How about another mental exercise on taxes? I usually enjoy Christine Benz’s articles on Morningstar, and When Taxes Collide With Your Asset Allocation was no exception. She presents the following scenario:
Let’s say a 65-year-old woman is prepping her portfolio for retirement. Her assets are ultra-streamlined, with a $500,000 Roth IRA account containing stocks and $500,000 in a traditional IRA portfolio consisting of bonds.
Is her asset allocation:
a) 50% bonds and 50% stocks
b) Heavier on stocks than bonds
c) Both of the above statements are true.
The basic premise of the article is that because she has to pay taxes on withdrawals from her Traditional IRA accounts at ordinary income tax rates, while not owing any taxes on her Roth IRA accounts, the woman effectively has more exposure to stocks than bonds. I agree that taxes are an important facet to consider.
However, Benz makes a quick assumption that her federal income tax rate is 25%. Here we meet the difference between marginal and effective overall tax rates, as well as the difference between gross and taxable income, in our progressive tax system. While the woman’s marginal tax rate may be 25%, unless she has a lot of outside income, her effective tax rate on those bond withdrawals would be much less. In fact, my wife and I would like to pay zero taxes in retirement with a similar portfolio.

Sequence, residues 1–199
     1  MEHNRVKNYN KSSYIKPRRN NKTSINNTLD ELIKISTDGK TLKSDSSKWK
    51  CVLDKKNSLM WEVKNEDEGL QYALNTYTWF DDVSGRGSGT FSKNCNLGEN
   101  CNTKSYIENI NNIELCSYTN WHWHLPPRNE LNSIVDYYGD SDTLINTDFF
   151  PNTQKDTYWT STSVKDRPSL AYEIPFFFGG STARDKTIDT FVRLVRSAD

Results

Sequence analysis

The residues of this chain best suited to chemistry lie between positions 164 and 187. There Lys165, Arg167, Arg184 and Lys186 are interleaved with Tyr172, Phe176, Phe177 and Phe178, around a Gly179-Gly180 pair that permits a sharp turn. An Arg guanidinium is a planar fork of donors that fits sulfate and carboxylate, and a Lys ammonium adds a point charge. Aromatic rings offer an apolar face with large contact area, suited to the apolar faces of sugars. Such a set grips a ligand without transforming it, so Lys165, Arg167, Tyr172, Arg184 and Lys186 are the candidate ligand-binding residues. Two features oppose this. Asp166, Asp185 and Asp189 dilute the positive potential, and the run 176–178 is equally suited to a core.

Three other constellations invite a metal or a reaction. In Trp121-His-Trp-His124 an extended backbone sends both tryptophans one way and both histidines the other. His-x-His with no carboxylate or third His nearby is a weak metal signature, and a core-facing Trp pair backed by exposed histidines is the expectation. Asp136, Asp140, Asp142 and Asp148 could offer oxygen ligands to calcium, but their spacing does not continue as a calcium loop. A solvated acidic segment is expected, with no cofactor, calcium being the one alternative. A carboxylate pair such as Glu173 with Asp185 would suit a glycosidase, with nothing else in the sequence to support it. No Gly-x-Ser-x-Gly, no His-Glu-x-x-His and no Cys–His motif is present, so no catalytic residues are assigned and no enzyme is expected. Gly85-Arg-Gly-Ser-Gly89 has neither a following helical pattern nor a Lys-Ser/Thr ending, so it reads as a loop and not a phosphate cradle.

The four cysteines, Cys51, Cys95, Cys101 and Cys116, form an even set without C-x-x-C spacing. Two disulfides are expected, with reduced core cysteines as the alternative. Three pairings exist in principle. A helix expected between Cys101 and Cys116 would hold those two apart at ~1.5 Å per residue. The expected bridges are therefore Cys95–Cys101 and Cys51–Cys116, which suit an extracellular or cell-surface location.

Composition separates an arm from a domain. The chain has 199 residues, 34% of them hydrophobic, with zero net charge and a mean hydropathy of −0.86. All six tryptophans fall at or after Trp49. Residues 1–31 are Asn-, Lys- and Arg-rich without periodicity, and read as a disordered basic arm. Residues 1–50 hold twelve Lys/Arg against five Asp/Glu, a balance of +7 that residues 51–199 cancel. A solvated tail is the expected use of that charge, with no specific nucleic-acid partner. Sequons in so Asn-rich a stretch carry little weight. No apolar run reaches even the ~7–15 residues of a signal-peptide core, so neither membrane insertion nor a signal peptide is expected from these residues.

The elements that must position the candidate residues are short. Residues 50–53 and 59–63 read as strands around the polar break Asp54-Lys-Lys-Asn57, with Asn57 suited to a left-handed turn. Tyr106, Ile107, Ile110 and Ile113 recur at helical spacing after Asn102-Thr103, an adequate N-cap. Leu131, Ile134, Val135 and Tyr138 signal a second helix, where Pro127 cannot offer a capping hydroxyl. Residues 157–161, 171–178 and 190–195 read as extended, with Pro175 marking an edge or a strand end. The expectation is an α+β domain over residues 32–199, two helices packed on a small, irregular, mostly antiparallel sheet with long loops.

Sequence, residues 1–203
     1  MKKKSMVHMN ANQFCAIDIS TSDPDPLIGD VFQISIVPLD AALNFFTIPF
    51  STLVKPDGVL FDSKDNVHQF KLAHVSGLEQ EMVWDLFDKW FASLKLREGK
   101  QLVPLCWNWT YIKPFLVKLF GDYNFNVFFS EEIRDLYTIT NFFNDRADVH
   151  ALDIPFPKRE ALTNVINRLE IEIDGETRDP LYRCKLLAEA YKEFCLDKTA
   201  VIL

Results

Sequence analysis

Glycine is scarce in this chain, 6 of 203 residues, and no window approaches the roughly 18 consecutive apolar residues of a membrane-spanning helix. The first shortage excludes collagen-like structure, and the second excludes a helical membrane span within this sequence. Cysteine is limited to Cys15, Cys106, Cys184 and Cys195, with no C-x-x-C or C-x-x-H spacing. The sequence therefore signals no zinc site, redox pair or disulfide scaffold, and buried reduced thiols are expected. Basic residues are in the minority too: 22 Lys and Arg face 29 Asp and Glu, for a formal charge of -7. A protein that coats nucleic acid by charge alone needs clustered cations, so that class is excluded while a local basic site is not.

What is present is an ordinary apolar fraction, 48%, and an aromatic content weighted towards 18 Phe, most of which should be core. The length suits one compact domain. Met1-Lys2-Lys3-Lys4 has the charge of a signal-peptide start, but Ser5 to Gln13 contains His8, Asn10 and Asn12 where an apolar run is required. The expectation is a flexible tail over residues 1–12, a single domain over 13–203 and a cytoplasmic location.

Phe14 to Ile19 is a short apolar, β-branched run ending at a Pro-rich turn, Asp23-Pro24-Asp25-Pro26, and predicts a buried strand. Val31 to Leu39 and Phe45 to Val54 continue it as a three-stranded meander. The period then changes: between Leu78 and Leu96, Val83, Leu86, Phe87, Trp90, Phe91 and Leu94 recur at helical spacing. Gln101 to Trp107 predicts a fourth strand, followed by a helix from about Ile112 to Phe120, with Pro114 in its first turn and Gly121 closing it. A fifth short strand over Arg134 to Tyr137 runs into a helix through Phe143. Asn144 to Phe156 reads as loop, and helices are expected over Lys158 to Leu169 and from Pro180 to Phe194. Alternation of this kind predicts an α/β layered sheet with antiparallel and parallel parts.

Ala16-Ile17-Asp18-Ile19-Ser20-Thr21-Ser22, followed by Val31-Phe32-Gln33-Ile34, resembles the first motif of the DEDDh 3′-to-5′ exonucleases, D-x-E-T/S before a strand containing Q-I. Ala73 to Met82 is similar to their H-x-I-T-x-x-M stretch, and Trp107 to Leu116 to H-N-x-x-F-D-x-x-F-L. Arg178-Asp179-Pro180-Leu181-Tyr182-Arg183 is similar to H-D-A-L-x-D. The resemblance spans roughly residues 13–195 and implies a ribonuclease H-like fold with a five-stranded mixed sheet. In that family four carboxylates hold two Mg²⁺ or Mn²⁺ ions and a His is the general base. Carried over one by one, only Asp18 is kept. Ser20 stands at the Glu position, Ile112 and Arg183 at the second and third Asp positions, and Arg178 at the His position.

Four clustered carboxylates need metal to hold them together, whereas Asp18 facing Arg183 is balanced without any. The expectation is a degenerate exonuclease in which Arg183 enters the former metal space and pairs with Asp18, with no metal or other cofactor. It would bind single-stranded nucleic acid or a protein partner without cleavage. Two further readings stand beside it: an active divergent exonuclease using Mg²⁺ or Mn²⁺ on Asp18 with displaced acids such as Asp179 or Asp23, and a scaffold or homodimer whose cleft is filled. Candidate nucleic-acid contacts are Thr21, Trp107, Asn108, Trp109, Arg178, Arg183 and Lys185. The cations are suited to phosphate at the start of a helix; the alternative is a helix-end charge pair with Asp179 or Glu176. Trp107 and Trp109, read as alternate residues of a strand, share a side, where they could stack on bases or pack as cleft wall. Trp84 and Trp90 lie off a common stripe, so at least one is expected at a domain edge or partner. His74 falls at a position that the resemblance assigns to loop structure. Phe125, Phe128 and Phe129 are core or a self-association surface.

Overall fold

How? Let’s say we are a couple both age 65 as in the example, which is over 59.5 we can start taking withdrawals without penalty. We have no pensions to rely upon. Like above, we have $500,000 in Roth IRA and $500,000 in Traditional IRA. With 401k plan rollovers and regular IRA contributions, this is not unrealistic. With a 4% withdrawal rate that is $40,000 a year, let’s say $20,000 from both.
What taxes do we owe? The $20,000 Roth IRA withdrawal is tax free. Now onto the $20,000 Traditional IRA withdrawal. Well, since this isn’t earned income, you won’t have to pay any payroll taxes like Social Security and Medicare taxes. For 2012, the standard deduction for a married filing joint couple is $11,900 plus $1,150 per person for being 65+ and the personal exemption is $3,800 per person. That adds up to $21,800. That’s more than $20,000, so our taxable income is zero! In fact, the first $17,400 of taxable income is taxed at the 10% bracket, so your total withdrawals could total up to $39,200 and still owe an overall percentage less than 5%.
As always, there are things that could skew the math. You might have a pension. There’s also the possibility of state income taxes, although if we take California the effective tax rate would less than 1%. Finally, Social Security benefits could create a greater tax liability, although it might be wise if you’re healthy to defer Social Security until age 70 to maximize the payout of what is effectively an inflation-adjusted lifetime annuity.
When you contribute to a Traditional IRA, you take the tax break upfront and pay taxes later. When you contribute to a Roth IRA, you pay taxes now and take withdrawals tax-free after age 59.5. Keep in mind this example when choosing as by carefully mixing the two, your effective tax rate in retirement may be lower than you think.